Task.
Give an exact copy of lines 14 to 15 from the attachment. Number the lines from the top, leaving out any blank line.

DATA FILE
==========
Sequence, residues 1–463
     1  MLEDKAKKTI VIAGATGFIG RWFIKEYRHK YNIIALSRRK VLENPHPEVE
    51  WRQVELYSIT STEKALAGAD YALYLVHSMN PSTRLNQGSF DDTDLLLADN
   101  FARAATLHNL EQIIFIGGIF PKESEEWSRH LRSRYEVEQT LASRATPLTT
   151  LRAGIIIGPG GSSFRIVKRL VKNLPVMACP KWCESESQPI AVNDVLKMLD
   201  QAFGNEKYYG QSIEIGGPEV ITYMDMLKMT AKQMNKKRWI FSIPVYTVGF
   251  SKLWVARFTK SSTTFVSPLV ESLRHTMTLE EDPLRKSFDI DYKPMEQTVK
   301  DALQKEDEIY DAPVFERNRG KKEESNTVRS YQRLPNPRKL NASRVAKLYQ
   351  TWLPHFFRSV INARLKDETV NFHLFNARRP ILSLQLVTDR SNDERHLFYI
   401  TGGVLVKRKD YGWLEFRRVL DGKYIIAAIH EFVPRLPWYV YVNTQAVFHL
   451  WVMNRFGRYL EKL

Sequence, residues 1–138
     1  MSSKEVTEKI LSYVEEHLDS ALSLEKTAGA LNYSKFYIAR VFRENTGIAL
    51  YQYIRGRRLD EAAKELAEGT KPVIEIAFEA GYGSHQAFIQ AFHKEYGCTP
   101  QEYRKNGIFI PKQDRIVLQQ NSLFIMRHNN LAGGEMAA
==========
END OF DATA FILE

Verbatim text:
    51  YQYIRGRRLD EAAKELAEGT KPVIEIAFEA GYGSHQAFIQ AFHKEYGCTP
   101  QEYRKNGIFI PKQDRIVLQQ NSLFIMRHNN LAGGEMAA